Last time, we talked about one way to keep the middle of your story from stagnating. Action and reaction, and the protagonist’s goal or objective. A major incident occurring in the middle of your story keeps it moving. How does it affect the protagonist? Click to Tweet #keepmiddlemoving #amwriting
Conflict means to battle, fight, war, skirmish, or struggle.
In writing your scenes, keep in mind the basic three parts: beginning, middle, and end. Another way of looking at a scene is: 1) objective, 2) obstacles, and 3) outcome.
A scene objective is anything the POV character needs to accomplish to further the goal of avoiding death, either literally or figuratively. Does the character need to do something? Or nothing? What could that “thing” be? In my novel, Meghan’s Choice, my protagonist, Meghan, needs to grow up. Her father has given her an ultimatum to work for a year before she marries (this is 1871). What does she do? She impulsively takes the first job that comes along, quickly finding she’s in over her head.
Her main objective is to make her father proud of her. She experienced a relationship breakup at the beginning, just before the ultimatum. Both those events cause Meghan to move out of her comfort zone, her home, and try something new.
To keep the middle of that story from sagging, I threw in a tornado. This is Kansas, after all. Because certain things happening through the tornado, Meghan’s attitudes toward the two men she’s been courting begins to change. And, the character who will become the protagonist of the second novel, makes a career change. Both things happen in the middle of the story.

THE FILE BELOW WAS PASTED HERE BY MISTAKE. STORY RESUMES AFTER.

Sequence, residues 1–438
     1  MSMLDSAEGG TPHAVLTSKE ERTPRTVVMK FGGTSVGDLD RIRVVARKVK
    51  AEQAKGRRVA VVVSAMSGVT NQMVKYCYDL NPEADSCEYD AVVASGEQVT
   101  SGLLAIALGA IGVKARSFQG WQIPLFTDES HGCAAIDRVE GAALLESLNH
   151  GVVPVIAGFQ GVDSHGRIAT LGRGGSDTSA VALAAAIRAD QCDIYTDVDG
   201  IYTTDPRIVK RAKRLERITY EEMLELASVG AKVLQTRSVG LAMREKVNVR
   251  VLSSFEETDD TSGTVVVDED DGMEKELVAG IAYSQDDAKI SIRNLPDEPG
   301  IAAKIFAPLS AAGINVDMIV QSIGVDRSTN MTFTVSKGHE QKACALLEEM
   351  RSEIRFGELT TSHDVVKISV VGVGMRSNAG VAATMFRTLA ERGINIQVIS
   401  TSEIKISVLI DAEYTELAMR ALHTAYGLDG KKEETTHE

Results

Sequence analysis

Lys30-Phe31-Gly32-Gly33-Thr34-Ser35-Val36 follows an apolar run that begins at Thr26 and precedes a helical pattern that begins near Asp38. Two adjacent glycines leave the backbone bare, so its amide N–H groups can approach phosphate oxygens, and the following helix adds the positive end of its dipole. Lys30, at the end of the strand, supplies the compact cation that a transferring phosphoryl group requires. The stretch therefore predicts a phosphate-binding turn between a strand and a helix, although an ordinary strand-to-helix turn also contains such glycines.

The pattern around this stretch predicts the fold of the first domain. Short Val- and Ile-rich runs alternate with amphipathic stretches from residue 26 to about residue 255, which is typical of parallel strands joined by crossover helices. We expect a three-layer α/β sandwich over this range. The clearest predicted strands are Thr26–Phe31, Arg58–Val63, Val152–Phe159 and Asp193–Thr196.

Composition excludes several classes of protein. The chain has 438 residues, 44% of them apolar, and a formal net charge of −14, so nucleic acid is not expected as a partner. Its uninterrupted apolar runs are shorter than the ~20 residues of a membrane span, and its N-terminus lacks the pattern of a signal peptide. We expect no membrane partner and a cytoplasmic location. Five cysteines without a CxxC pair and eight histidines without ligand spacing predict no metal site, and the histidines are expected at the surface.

Squeeze tension and conflict in every scene? What kinds of things can you throw in? In my second novel, I’m throwing in a real villain who will do everything he can to keep Rose from the life changes she’s already made. But he’ll be sneaky about it. Her mother, a brothel owner, will also bring pressure to bear on her, by delivering a shocking revelation.
To every scene there are two basic outcomes: 1) the POV character gets what they want, or 2) they don’t get what they want.
In the first, the character’s objective is met. Let’s say you’re writing a romance, and girl meets guy and wants him to ask her for a date. But they’re at work, and there’s a company policy that co-workers in the same department can’t date. And just then, he comes over and slyly asks her out for a cup of coffee.
In the second instance, how can the girl get the guy to ask her out? That’s an obstacle. Does he know she’s interested? Has he expressed interest in her? What outcome would you give it?
You want your readers to worry about your characters. By creating in a difficult objective, throwing in high jumps, you can generate a satisfying outcome. Click to Tweet #amwriting #keepmiddlemoving